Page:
Eden Central School District

3150 Schoolview Road, Eden, New York 14057

 

                                     

  September 2013

Dear Families,

Many changes will occur in your school cafeteria during the 2013-2014 school year.  The Healthy Hunger-Free Kids Act of 2010 and the United States Department of Agriculture are requiring schools to implement revised nutrition standards in the National School Lunch Program.  The most obvious differences will be seen in portion sizes, meal components, and the variety of food items that can be part of a lunch meal.  These changes are a result of the rising rate of childhood overweight and obesity, health complications such as diabetes, and the increased costs to treat those complications.

The objectives are to promote healthy foods in their natural form, identify appropriate portion sizes, and educate our children to make positive dietary choices.  The new program requirements will ensure exposure to a greater variety of fruits and vegetables.  In addition, whole grains, meats, and meat alternatives will reflect the 2010 Guidelines for Americans that specify portion sizes based on grade levels (grades K-5, 6-8, 9-12).  Over consumption and distorted portion sizes will be greatly reduced with the revised nutrition standards.  Low fat and fat free milk varieties will be the only milk choices available.

Examples of these new federal regulations include:

·         Specific portion sizes individualized for each grade range (K-5, 6-8, 9-12);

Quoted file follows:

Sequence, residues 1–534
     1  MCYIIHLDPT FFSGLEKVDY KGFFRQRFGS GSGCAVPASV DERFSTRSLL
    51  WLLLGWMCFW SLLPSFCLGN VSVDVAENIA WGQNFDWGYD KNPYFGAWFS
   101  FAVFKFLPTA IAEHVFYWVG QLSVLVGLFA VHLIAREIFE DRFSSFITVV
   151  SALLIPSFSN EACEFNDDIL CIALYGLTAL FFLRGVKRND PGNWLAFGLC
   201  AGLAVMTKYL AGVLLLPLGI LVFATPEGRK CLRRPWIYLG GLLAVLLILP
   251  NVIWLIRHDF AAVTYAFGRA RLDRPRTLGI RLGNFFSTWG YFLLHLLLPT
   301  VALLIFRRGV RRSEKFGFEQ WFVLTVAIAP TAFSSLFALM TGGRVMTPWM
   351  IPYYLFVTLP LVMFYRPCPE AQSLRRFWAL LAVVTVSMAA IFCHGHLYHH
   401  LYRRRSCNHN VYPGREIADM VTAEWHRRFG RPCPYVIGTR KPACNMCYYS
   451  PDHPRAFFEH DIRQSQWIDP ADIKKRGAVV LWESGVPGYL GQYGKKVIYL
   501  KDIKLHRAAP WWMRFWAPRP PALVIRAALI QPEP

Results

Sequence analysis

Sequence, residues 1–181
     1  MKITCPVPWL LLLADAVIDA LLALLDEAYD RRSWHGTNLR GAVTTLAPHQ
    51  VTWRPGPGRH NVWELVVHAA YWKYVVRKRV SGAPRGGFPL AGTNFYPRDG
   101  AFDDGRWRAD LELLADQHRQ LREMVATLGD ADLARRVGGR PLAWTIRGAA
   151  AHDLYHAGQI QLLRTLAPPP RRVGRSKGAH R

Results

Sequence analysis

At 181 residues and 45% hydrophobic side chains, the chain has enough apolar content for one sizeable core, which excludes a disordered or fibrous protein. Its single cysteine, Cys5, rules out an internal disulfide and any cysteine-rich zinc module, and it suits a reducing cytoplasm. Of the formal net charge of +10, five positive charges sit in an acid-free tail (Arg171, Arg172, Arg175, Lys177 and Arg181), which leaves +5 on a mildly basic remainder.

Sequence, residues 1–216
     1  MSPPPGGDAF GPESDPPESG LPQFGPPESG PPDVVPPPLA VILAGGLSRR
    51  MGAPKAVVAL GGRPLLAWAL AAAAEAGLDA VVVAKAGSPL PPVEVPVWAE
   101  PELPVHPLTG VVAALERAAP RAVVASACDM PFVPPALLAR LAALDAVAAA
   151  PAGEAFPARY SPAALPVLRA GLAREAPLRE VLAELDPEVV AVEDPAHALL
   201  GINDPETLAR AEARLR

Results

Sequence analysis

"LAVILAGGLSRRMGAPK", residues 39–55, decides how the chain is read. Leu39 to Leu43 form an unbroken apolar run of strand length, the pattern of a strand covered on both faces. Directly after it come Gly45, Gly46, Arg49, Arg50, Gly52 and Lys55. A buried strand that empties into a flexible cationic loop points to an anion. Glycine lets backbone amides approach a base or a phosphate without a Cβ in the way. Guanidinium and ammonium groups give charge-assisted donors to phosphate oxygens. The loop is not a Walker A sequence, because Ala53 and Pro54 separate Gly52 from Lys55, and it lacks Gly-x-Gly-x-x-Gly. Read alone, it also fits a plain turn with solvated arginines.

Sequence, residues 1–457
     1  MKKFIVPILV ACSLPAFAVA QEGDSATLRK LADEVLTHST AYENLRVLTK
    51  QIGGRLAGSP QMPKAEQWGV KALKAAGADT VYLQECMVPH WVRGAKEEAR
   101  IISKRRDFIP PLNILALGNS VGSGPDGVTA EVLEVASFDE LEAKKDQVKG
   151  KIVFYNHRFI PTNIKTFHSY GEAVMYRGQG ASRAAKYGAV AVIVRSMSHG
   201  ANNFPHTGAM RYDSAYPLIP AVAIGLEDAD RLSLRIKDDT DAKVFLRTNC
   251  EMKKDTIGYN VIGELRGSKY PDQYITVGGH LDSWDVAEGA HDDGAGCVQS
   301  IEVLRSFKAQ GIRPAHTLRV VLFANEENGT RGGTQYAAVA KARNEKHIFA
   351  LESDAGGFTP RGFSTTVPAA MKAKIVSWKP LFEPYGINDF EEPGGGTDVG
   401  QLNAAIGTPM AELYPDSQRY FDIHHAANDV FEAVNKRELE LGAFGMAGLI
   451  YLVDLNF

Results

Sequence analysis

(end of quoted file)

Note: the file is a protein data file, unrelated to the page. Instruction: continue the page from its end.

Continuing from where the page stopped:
·         Fat free or low fat milk (flavored milk will only be offered as fat free);

·         Larger servings and more variety of fruits and vegetables;

·         More whole grain products such as breads, pasta, and cereals;

·         Specific calorie ranges, limited saturated fats and only naturally occurring trans fats;

·         Students must select a minimum of ½ cup of fruit or vegetable on their tray.

The obesity epidemic, as well as the increase prevalence of diabetes, high blood pressure, high cholesterol and other health complications, affects an increasing proportion of our nation’s youth.  Access to a healthier school environment will promote a healthier lifestyle.  By educating our children on how to make smart food selections, we will create a positive message for a longer and healthier tomorrow.

For more information, contact Debbie Dole, cafeteria supervisor at 992-3623.